The serum sample antigen (Ag) and labelled antigen (Ag*) are mixed with sucrose and are now layered onto the top 3 of the gel 1 as previously described for FIG. 1. Switch 11 is thrown from the off position to position A, and the sample ions, including antigens (Ag+Ag*) migrate and stack as before in the gel. When the concentrated antigen layer passes into the immobile antibody layer, the immunoreaction occurs, and excess uncombined antigen passes on through the reaction layer down the gel. The amount of label in either or both of the immobile or free antigen layers (not shown) is then measured.
In another embodiment of the invention, the slower migrating immunospecies (typically the antibody) is concentrated as aforementioned with regard to the method associated with FIG. 1. The concentrated antibody is permitted to run part-way down gel 1.
The antigens (Ag+Ag*) are mixed with a sucrose solution with a concentration of TRIS-HCl of about 0.06 M and layered on top 3 of the gel 1. Switch 11 is now thrown to position A. The antigens stack in concentrated form behind Cl- and overtake the slower migrating antibodies.
An immunoreaction takes place. The excess antigens move past the reaction zone. Measurement of the reaction is made in the reacted and/or the unreacted layers.
In still another embodiment of the invention, the system of FIG. 1 is designed so that the buffer compositions of the upper and lower reservoirs 5 and 7, respectively, are initially different. For example, the upper reservoir 5 contains a slow anion like glycinate as before. The lower reservoir 7 now contains a slow cation like glucamine. The gel 1 contains the salt of a fast cation and a fast anion, like ammonium acetate. The pH of the gel solution is arranged (as taught in Ornstein, L., Ann. N.Y. Acad. Sci. 121, pp. 341, (1964), so that during the run, one immunoreactive species (e.g., the antibody (Ab)) will be cationic and the other immunospecies will be anionic.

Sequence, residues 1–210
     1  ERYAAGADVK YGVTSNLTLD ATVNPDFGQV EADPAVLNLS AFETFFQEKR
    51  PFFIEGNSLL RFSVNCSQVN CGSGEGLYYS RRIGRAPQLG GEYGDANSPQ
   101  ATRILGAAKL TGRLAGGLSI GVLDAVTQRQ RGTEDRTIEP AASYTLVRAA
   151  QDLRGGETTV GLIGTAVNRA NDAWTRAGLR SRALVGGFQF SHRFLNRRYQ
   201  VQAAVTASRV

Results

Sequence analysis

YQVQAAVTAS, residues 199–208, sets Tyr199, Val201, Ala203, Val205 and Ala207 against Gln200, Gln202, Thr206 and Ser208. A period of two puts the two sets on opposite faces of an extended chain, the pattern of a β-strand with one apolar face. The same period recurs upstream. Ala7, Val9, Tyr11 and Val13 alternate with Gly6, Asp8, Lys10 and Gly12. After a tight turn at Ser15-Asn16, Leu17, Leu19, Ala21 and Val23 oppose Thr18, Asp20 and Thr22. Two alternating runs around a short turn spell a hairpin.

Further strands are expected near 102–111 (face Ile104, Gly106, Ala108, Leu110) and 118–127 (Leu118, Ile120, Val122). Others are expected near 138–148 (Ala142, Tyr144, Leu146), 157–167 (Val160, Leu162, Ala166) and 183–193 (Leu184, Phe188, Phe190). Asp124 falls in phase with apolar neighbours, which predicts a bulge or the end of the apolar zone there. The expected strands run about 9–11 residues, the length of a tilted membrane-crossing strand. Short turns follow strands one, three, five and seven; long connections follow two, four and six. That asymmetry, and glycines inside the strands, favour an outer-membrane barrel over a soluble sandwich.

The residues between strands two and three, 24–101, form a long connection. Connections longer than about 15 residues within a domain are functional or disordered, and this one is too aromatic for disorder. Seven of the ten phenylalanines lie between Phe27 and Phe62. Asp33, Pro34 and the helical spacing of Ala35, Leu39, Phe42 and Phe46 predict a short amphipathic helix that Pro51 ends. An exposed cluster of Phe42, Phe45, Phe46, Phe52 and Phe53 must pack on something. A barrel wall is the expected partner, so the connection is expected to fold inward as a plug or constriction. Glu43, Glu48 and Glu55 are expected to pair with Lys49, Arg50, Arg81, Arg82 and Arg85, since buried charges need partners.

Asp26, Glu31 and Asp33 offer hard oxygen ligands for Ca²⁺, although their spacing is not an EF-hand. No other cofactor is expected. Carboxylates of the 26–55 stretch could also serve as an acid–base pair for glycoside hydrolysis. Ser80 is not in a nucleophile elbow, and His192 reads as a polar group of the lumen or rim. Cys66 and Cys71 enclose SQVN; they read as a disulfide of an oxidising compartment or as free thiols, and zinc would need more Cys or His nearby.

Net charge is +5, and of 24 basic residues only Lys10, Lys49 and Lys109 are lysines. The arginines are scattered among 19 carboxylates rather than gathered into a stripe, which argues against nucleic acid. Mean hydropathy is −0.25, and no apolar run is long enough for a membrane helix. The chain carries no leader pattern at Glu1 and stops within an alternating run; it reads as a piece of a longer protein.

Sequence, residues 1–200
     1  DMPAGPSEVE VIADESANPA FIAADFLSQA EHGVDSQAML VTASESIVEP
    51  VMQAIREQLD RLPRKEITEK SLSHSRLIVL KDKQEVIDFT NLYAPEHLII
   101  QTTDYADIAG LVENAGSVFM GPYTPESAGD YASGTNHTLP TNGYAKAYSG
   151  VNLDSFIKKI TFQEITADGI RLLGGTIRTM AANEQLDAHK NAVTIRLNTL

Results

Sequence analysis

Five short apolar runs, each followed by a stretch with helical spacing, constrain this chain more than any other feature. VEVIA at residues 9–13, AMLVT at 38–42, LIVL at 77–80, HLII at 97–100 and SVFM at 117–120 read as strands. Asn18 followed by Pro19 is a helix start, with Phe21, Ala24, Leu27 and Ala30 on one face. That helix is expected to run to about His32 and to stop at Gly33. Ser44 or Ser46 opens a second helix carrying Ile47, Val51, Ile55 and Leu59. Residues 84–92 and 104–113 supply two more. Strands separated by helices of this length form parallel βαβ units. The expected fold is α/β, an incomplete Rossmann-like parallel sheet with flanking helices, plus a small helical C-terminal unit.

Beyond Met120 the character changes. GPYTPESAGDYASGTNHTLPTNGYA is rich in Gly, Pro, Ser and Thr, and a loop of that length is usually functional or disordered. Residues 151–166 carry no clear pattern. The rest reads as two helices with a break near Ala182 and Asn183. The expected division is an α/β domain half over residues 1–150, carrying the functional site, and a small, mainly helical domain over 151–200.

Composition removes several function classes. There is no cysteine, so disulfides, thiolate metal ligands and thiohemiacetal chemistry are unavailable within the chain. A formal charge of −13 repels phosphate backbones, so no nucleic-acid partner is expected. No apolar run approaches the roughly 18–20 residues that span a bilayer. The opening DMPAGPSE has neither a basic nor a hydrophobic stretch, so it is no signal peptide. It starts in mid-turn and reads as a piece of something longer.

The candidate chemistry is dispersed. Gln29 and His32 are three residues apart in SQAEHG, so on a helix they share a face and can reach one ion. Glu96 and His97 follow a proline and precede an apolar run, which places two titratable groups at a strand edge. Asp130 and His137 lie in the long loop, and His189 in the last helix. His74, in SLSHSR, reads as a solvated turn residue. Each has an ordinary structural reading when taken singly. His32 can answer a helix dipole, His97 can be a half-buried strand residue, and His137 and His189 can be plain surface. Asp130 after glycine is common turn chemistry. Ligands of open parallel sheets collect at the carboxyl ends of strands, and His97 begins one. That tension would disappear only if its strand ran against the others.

The anionic species (let us say that this is the sample (Ag) and labelled (Ag*) antigen) are loaded in a sucrose solution as before, and will stack and concentrate as previously described.
After the sample has stacked, the switch 11 is turned to the off position. The upper and lower reservoirs 4 and 8 respectively, are emptied into separate receptacles (not shown). The gel tube 2 is removed from the upper reservoir 4, is inverted, and reinserted upside down into reservoir 8. The buffer 7 previously from the lower reservoir 8 is now poured into the upper reservoir 4, and the buffer 5 previously from the upper reservoir 4 is poured into the lower reservoir 8.
The cationic species (let us say that this is the antibody) is loaded on top 3 (previously the bottom 6) of gel 1 in a sucrose solution. The switch 11, is now thrown to position B, and the cationic species stacks between the leading NH4 + ion and the following glucamine cation in a highly concentrated layer which now migrates downward. The previously stacked anionic antigens (Ag+Ag*) continue to move (but now upward). In time, these two oppositely moving concentrated layers of immunoreactive species will meet and react (not shown). The measurement is carried out as previously described.
Referring to FIG. 4, an automated system is illustrated for performing an immunoassay in accordance with the teaching of the invention, particularly with regard to the last aforementioned method.
A gel material 31 for supporting an immunoreaction, and for allowing migration and concentration of the immunospecies prior to the reaction, is shown supported upon a flexible plastic backing tape or web 33. The gel material 31 is formed on the tape or web 33, which is unwound from a storage reel (not shown) and subsequently rewound upon a take-up reel (not shown).
The gel 31 is arranged in discrete sections 32, each for conducting a single reaction. Each section 32 is indexed past a series of processing stations designated by arrows 50, 60, 70, and 80, which will be explained hereinafter. Each section 32 comprises a pair of wells 34 and 35, respectively. Well 34 receives antigens 36 (Ag+Ag*) from an overhead dispenser 37, and well 35 receives antibodies 38 (Ab) from dispenser 39 at dispensing station 50.